Example 4.9.6 Suppose $D=\{\,(x,y): x^2+y^2\le 1\,\}$ is the unit disc in the plane and $S$ is the square $\{\,(x,y):-1\le x,y\le 1\,\}$. Since $D\subseteq S$, $\overline D\le \overline S$. The map $f\big((x,y)\big)=(x/2,y/2)$ is an injection $S\to D$, so $\overline S\le \overline D$. By the Schröder-Bernstein Theorem, $\overline S=\overline D$. (So it is possible, after all, to fit a square peg in a round hole!)

Felix Bernstein. Bernstein (1878–1956) studied under Cantor in Halle, and under Hilbert and Klein in Göttingen. It was in 1895 or 1896, while an undergraduate, that he proved the equivalence theorem for sets. Cantor had been working on the problem, but left for a holiday. In his absence, Bernstein was proof-reading one of Cantor's books; the idea for his proof of the equivalence theorem came to him one morning while he was shaving. Cantor later worked for several years to refine the proof to his satisfaction, but always gave full credit for the theorem to Bernstein.

After taking his undergraduate degree, Bernstein went to Pisa to study art. He was persuaded by two professors there to return to mathematics, after they heard Cantor lecture on the equivalence theorem. Bernstein remained interested in the arts, especially sculpture and painting, for the rest of his life.

Bernstein received his Ph.D. at Göttingen in 1901, and after some time in Halle became associate professor of mathematical statistics at Göttingen.

Bernstein was a versatile mathematician, working in both pure and applied mathematics. He was one of the first mathematicians to apply set theory to other branches of mathematics. By the 1920s, he had become interested in mathematical genetics, and made important contributions in population genetics. Most notable was his successful explanation of the inheritance of blood type, based on a set of three alleles.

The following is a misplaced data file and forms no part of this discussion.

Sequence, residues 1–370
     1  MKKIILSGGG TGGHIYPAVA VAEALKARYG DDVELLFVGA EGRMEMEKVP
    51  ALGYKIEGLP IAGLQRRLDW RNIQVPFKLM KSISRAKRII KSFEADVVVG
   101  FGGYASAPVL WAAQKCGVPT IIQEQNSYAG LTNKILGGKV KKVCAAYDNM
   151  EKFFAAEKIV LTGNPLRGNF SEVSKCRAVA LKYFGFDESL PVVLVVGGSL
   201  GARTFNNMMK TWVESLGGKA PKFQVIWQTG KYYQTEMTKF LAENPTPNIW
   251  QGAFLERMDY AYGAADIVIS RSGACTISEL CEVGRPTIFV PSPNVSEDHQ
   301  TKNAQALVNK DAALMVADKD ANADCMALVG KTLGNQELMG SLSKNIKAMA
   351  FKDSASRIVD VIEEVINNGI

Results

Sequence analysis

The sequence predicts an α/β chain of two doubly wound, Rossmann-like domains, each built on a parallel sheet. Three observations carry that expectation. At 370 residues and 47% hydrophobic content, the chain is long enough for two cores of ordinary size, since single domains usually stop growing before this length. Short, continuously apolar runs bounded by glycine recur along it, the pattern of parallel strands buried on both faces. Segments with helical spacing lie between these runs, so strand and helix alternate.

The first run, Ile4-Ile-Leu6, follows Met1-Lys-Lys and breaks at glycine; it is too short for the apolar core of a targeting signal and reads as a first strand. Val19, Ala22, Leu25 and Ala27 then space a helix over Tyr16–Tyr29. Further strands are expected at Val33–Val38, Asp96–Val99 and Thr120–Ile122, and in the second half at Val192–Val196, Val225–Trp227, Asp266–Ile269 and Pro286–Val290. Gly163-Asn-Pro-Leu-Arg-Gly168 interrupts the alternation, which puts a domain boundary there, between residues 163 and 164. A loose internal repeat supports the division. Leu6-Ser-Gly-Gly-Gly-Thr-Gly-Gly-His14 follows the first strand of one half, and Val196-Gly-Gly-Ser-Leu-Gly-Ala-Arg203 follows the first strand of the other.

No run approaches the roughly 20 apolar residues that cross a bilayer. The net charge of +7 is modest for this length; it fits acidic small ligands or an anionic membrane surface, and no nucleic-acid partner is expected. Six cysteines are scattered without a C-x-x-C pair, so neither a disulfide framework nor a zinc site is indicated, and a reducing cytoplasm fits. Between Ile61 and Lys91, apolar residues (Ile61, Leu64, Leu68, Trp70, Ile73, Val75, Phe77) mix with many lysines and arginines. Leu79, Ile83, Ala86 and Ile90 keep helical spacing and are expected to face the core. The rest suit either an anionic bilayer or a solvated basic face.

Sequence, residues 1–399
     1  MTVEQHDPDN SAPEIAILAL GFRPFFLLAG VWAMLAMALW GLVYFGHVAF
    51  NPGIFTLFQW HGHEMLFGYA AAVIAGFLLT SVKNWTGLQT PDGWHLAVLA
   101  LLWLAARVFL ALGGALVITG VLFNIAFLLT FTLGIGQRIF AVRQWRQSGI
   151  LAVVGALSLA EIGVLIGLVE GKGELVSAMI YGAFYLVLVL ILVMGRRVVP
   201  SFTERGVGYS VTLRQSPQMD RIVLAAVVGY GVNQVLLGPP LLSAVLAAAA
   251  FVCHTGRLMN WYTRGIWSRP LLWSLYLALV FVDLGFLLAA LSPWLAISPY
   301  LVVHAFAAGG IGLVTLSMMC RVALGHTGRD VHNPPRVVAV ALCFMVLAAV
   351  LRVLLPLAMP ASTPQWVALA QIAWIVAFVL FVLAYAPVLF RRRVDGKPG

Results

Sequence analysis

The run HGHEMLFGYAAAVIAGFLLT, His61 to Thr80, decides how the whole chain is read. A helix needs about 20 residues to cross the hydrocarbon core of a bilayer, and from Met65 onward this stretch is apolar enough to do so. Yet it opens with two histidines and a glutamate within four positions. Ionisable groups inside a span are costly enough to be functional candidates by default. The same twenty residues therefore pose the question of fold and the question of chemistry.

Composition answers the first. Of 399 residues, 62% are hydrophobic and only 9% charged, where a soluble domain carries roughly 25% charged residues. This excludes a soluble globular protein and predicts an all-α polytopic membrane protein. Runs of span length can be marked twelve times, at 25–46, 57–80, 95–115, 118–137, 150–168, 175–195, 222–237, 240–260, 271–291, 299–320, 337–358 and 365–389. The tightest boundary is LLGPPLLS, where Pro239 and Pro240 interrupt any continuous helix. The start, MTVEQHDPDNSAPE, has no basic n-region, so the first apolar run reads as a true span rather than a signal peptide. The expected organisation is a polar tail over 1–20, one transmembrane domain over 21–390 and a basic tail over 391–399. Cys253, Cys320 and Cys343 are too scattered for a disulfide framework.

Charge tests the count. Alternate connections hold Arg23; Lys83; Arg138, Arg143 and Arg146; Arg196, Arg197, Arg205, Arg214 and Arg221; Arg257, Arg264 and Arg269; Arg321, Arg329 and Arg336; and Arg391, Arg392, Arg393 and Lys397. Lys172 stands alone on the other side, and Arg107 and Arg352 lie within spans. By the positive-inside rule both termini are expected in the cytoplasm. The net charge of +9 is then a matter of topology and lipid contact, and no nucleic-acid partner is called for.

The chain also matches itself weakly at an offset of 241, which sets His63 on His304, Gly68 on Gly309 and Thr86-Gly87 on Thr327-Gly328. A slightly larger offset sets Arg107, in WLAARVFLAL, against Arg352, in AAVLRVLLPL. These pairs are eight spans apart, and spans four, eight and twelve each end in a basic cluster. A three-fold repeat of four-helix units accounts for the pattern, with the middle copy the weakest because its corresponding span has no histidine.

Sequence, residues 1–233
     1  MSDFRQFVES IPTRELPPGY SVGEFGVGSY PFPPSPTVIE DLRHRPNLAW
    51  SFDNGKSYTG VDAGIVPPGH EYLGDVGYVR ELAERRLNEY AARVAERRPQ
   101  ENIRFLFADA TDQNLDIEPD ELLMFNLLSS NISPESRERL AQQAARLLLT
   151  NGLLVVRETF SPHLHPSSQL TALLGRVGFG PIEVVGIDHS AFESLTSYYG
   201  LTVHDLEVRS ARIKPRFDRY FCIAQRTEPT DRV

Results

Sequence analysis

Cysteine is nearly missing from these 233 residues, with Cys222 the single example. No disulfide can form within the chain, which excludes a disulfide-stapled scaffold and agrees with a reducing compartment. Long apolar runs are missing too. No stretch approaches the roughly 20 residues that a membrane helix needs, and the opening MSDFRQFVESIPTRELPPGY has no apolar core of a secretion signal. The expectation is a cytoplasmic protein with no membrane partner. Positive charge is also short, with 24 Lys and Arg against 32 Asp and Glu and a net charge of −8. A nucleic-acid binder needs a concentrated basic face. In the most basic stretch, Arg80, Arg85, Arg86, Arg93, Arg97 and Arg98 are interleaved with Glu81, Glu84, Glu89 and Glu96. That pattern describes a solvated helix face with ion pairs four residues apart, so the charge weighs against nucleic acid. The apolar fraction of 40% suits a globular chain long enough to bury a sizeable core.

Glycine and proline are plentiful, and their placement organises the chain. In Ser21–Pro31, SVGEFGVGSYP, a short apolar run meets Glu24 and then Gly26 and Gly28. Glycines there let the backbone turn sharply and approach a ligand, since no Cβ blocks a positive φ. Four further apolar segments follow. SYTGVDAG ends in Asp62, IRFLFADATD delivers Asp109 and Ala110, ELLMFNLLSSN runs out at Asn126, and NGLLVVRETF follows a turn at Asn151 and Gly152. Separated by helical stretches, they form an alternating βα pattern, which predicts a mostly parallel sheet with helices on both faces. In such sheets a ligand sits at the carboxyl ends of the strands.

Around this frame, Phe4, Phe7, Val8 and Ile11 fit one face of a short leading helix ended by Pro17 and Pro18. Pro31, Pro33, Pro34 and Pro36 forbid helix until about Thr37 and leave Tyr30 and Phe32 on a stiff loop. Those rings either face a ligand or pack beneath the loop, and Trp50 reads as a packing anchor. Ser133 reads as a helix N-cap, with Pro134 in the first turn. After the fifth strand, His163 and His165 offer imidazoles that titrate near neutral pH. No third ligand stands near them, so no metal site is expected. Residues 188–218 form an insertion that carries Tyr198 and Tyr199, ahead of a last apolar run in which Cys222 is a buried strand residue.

In the 1930s, Bernstein emigrated to the United States, and became a citizen in 1940. He taught at Columbia, NYU and Syracuse until 1948, when he returned to Göttingen.

The information here is from the article on Bernstein, by Henry Nathan, in Biographical Dictionary of Mathematicians, New York: Charles Scribner's Sons, 1991.

Exercises 4.9

Ex 4.9.1 Why is the Schröder-Bernstein Theorem easy if $A$ and $B$ are finite sets?

Ex 4.9.2 Suppose $f\colon A\to B$ is an injection and $g\colon A\to B$ is a surjection. Show there is a bijection $h\colon A\to B$.

Ex 4.9.3 At the beginning of the proof of the Schröder-Bernstein Theorem we said, "We may assume that $A$ and $B$ are disjoint sets.'' Why? In other words, what do we do if $A$ and $B$ are not disjoint?

Ex 4.9.4 Prove Claim $1'$.

Ex 4.9.5 Prove Claim $2'$.

Ex 4.9.6 Prove that the function $h$ defined at the end of the proof of the Schröder-Bernstein Theorem is a bijection.

Ex 4.9.7 Use the Schröder-Bernstein Theorem to conclude that $\overline {{[0,1]}}=c$. (See exercise 3 of section 4.7.)

Ex 4.9.8 Find simple injections from $[0,1]$ to $\R$ and from $\R$ to $[0,1]$. Then find an explicit bijection from $[0,1]$ to $\R$.

Ex 4.9.9 Note that if $A$ has $m$ elements and $B$ has $n$ elements, then $A\times B$ has $mn$ elements. We use this to define the product of two cardinals by the formula $\overline A\cdot \overline B= \overline {A\times B}$. Show that this definition is independent of the sets $A$ and $B$, i.e., if $A\approx A'$ and $B\approx {B'}$, then $A\times B\approx A'\times B'$.

Ex 4.9.10 Show that $\aleph_0\cdot \aleph_0=\aleph_0$. (Hint: exercise 6 of section 4.7.) (See exercise 9.)

Ex 4.9.11 Show that if $\overline A\le \overline B$ then $\overline A\cdot \overline C\le \overline B\cdot \overline C$. (See exercise 9.)

Ex 4.9.12 Prove that if $\overline{A}< \overline{B}\le\overline{C}$ then $\overline{A}< \overline{C}$.